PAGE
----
21 May is International Day of Forests
The International Day of Forests and the Tree is held annually on 21 March to raise awareness of sustainable management, conservation and sustainable development of all types of forests for the benefit of current and future generations.
The United Nations General Assembly adopted resolution A/RES/67/200 of 21 December 2012, which declared that starting in 2013, 21 March of each year was to be observed as the International Day of Forests and the Tree.
The resolution encourages all Member States to organize activities relating to all types of forests, and trees outside forests, such as tree-planting campaigns.
- SG’s message
- General Assembly Resolutions
- Secretary-General’s Reports
- Economic and Social Council (ECOSOC) Resolutions
- Secretary-General’s Reports to ECOSOC
- United Nations Forum on Forests
The Situation in Syria
In an expression of grave concern at the continuing escalation of violence in Syria, the United Nations General Assembly adopted a fifth resolution A/RES/67/262 on the situation in Syria, reiterating its call for rapid progress on a political transition. The council expressed outrage at the “rapidly increasing death toll” in Syria, which the UN estimates to be in the tens of thousands.
The resolution also strongly condemns the Syrian Government’s increased use of heavy weapons, and also condemns ongoing “widespread and systematic gross violations of human rights and fundamental freedoms.”
The resolution was adopted by a vote of 107 in favour to 12 against, with 59 abstentions.
- Press Statement on Syria
- Previous Resolutions: A/RES/66/176, A/RES/66/253
- Security Council: S/RES/2042, S/RES/2043
WHO/UNICEF Progress Report on Sanitation & Drinking Water
Some 2.4 billion people will remain without access to improved sanitation in 2015, according to a new joint WHO/UNICEF report.According to the report, the world remains off track to meet the Millennium Development goal (MDg) sanitation target.
Among the key findings from the latest 2011 data, the report highlights:
- Almost two-thirds (64%) of the world’s population had access to improved sanitation facilities, an increase of almost 1.9 billion people since 1990.
- Approximately 2.5 billion people lacked access to an improved sanitation facility. Of these, 761 million use public or shared sanitation facilities and 693 million use facilities that do not meet minimum standards of hygiene.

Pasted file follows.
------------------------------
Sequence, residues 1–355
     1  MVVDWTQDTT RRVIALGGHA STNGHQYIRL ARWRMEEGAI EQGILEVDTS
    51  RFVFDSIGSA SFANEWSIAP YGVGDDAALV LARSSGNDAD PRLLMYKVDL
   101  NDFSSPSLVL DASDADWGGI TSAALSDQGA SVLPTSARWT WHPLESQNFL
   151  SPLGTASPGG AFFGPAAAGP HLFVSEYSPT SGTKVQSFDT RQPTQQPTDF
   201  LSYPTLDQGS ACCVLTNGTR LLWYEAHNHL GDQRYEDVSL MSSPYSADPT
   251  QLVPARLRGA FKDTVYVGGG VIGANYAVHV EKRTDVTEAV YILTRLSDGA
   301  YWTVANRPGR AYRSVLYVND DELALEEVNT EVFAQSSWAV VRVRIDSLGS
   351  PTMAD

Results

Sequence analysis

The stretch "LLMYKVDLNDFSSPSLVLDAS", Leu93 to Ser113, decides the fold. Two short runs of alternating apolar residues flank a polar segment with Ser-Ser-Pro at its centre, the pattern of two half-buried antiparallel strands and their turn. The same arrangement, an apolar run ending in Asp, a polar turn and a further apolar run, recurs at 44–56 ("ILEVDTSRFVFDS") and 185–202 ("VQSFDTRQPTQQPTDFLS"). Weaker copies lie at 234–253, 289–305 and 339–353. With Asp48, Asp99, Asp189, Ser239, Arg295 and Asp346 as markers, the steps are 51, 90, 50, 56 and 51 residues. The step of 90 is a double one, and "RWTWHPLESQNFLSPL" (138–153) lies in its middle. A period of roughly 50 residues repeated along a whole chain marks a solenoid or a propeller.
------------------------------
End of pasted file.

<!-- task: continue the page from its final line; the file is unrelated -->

- In 2011, one billion people still defecated in the open. 90% of all open defecation takes place in rural areas.
- By the end of 2011, 89% of the world population used an improved drinking-water source, and 55% had a piped supply on premises. This left an estimated 768 million people without improved sources for drinking water, of whom 185 million relied on surface water for their daily needs.
- There continues to be a striking disparity between those living in rural areas and those who live in cities. Urban dwellers make up three-quarters of those with access to piped water supplies at home. Rural communities comprise 83% of the global population without access to improved drinking water source and 71 per cent of those living without sanitation.
The report titled Progress on sanitation and drinking-water 2013 update is available here in english.
International Conference on Forests for Food Security and Nutrition
The International Conference on Forests for Food Security and Nutrition started today, and will run for 3 days. The conference proceeding are webcast live.
According to FAO , the conference will increase understanding of the crucial role that forests, trees on farms and agroforestry systems can play in improving the food security and nutrition of rural people, especially in developing countries. It will propose ways to integrate this knowledge in policy decisions at the national and international levels.
UNESCO REPORT 2012
The UNESCO 2012 report focused much of its energy on Education. Highlights in 2012 included the Shanghai International TVET Congress, the first Africa Forum on Science and Technology and Innovations in Nairobi, The celebration of the 40th anniversary of the World Heritage Convention.
Search UNESCO catalogue for Previous reports:
New Report on Human Rights Violation in Kivu
Report of the UN Joint Human Rights Office on Human Rights Violations from 15 November to 2 December 2012
According to a new report by the United Nations Joint Human Rights Office in the Democratic republic of the Congo, serious violations of human rights and international humanitarian law were committed during November 2012 fighting.
The report details victim and witness accounts of mass rape, killings and arbitrary executions. Violations of Human Rights were perpetrated by Congolese Armed Forces (FARDC) and rebels of the Mouvement du 23 mars (M23).
This report highlights human rights violation between 15 November to 2 December 2012. The Joint Human Rights Office previously released several reports on human rights violations in the DRC :
Security Council meetings on the Middle East today
Wednesday, May 8th 2013
The Security Council is meeting this morning in its 6962nd meeting, for a meeting on the situation in Libya.
This afternoon, there is a closed consultation on the seventeenth semi-annual report of the Secretary-General to the Security Council on the implementation of Security Council resolution 1559 (2004), (S/2013/234) related to Lebanon.
- Reports of the Secretary-General (Libya)
- Resolutions/Decisions (Libya)